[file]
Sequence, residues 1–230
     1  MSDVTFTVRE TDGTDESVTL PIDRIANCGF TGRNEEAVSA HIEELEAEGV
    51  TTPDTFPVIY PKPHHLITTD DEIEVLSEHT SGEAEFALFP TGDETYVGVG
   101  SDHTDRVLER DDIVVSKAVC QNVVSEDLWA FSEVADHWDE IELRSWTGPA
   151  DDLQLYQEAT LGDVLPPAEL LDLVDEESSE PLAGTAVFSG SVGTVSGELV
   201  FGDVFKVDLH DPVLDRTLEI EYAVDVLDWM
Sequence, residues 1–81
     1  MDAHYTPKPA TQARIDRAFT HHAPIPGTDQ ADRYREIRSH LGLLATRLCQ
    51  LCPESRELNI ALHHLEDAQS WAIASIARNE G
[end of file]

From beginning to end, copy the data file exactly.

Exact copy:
Sequence, residues 1–230
     1  MSDVTFTVRE TDGTDESVTL PIDRIANCGF TGRNEEAVSA HIEELEAEGV
    51  TTPDTFPVIY PKPHHLITTD DEIEVLSEHT SGEAEFALFP TGDETYVGVG
   101  SDHTDRVLER DDIVVSKAVC QNVVSEDLWA FSEVADHWDE IELRSWTGPA
   151  DDLQLYQEAT LGDVLPPAEL LDLVDEESSE PLAGTAVFSG SVGTVSGELV
   201  FGDVFKVDLH DPVLDRTLEI EYAVDVLDWM
Sequence, residues 1–81
     1  MDAHYTPKPA TQARIDRAFT HHAPIPGTDQ ADRYREIRSH LGLLATRLCQ
    51  LCPESRELNI ALHHLEDAQS WAIASIARNE G